Never say ‘font’ to a lettercutter, by the way. I said the dreaded word to one, working in the Snape Maltings gallery. ‘Not font,’ he barked. ‘Letterform.’

Portland stone, Purbeck stone, York stone … Britain is blessed with such a rapidly changing geology that the available variety of colours and surfaces in a churchyard is near-infinite.

Not quite as infinite as the choice of inscriptions – one in the eye for that dreary Norfolk vicar who vetoed Sophie Behrens’s initial tombstone. Recent Memorials by Artists inscriptions include a quote from Robert Louis Stevenson’s own epitaph for himself: ‘Here he lies where he long’d to be; Home is the sailor, home from sea, And the hunter home from the hill.’

Beautifully designed tombstones don’t come cheap, ranging from £2,000 to £7,000. Given that a plain slab of unengraved, masoned slate starts at £1,000, that doesn’t seem too much to pay for a near-permanent piece of art that fulfils one of the most vital roles of all: remembering the dead.

Much of Frazer’s work has involved discussing designs with the bereaved – in meetings held at her home near Snape, until the move to the Snape Maltings office. ‘It can be exhausting,’ she says.

Most moving of all are the memorials to children. Frazer, with Hilary Meynell, has written a practical guide for the memorials to young people, children and babies. The inscriptions are nearly unbearable to read. ‘Play, dance and blow bubbles for me’ is the line to a 10-year-old girl, dotted around with little bubbles carved into the stone. To a 19-year-old girl, the simple inscription reads, ‘We wish she could have stayed longer.’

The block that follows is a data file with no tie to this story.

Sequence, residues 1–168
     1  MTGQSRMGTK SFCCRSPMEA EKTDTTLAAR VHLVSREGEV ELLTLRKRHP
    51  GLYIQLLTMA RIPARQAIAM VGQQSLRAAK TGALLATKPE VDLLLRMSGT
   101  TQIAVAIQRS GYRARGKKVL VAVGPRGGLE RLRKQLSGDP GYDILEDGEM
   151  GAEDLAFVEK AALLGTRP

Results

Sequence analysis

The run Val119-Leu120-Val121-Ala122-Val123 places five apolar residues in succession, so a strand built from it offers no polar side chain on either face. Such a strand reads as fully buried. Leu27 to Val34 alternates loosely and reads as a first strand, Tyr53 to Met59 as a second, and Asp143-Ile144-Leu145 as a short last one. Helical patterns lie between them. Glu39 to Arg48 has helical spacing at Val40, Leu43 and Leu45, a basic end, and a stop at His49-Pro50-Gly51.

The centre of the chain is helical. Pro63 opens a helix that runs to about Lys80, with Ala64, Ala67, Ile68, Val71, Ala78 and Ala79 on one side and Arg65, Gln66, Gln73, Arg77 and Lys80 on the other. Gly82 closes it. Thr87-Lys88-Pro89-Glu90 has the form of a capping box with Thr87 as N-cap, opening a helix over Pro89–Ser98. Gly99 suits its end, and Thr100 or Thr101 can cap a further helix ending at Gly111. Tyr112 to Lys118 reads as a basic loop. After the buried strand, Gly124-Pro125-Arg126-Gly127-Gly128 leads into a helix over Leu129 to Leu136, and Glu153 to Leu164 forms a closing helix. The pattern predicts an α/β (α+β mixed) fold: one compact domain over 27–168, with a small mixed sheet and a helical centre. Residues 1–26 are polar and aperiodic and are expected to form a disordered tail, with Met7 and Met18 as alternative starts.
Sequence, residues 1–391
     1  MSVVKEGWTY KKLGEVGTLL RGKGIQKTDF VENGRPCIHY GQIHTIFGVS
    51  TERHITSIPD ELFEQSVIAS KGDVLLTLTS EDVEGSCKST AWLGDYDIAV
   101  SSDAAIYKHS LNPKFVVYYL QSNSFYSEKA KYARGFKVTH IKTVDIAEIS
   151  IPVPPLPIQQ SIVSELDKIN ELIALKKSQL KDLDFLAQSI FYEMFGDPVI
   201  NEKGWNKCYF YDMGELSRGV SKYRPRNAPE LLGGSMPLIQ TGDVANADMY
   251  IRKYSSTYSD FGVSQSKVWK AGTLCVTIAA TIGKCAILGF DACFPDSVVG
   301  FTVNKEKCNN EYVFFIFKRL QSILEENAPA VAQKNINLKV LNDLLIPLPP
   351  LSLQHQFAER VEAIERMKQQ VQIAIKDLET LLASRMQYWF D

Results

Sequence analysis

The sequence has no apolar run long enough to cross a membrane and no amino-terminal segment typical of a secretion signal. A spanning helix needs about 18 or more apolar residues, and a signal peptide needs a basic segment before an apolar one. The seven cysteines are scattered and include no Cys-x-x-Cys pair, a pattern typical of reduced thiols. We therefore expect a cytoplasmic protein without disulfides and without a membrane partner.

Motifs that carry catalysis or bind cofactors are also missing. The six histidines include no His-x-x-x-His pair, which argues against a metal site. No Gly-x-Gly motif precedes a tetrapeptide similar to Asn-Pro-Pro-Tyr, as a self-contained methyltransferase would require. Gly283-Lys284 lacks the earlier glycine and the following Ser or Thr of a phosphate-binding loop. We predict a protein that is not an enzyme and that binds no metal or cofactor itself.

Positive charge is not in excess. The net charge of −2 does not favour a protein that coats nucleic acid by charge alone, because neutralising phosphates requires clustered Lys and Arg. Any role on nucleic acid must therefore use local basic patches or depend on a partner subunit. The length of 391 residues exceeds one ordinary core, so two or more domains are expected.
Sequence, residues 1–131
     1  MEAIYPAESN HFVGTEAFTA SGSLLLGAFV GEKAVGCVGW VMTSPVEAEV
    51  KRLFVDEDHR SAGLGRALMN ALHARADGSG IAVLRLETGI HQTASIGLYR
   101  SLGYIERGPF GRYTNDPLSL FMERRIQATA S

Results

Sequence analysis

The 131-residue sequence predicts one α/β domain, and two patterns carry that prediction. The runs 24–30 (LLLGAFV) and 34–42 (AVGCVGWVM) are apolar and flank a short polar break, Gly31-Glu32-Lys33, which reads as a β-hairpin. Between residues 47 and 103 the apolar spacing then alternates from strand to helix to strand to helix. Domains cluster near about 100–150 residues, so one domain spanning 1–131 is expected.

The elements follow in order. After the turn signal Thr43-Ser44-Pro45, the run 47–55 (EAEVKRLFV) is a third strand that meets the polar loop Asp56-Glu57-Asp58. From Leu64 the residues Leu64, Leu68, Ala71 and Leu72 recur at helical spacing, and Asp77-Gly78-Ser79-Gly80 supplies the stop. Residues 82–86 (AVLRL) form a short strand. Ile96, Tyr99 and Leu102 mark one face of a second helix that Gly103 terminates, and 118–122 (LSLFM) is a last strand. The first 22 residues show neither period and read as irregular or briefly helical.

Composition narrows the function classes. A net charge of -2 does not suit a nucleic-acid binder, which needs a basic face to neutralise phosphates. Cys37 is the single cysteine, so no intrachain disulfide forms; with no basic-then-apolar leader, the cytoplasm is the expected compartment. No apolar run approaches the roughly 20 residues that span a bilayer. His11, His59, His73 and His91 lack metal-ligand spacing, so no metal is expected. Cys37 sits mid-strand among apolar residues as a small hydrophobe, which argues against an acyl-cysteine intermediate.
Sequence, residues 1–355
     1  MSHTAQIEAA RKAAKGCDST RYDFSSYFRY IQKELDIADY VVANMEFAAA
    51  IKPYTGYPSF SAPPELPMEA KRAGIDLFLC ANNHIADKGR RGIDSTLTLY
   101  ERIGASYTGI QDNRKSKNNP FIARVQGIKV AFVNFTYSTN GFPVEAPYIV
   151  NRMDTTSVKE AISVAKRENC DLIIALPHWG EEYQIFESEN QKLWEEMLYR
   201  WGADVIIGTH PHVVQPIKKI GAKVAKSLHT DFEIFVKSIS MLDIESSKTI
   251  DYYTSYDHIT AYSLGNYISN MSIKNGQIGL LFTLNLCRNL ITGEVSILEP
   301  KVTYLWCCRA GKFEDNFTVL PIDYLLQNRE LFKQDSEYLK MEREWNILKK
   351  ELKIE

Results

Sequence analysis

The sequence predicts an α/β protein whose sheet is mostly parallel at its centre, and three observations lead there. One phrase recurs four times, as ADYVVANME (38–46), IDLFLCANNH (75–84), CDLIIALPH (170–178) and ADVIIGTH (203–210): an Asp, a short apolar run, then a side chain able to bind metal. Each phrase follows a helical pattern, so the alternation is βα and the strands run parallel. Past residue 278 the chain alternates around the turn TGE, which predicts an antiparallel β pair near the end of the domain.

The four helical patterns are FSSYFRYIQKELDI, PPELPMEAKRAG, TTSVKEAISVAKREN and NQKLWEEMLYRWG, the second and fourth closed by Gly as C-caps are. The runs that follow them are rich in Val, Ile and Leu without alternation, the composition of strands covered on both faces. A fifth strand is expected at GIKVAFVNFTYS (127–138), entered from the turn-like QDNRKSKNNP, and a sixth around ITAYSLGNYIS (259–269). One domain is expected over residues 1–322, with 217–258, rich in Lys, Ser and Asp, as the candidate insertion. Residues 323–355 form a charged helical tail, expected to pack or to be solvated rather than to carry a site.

A second memorial to Sophie Behrens hangs on the wall of Harriet Frazer’s farmhouse. The black stone disc features a jug, bursting with flowers, surrounded by words from Sophie’s last letter to her family: ‘I have thought that life was rich and miraculous.’

How right, then, that past lives should be remembered so richly and miraculously.

The Lettering and Commemorative Arts Trust: www.letteringartstrust.org.uk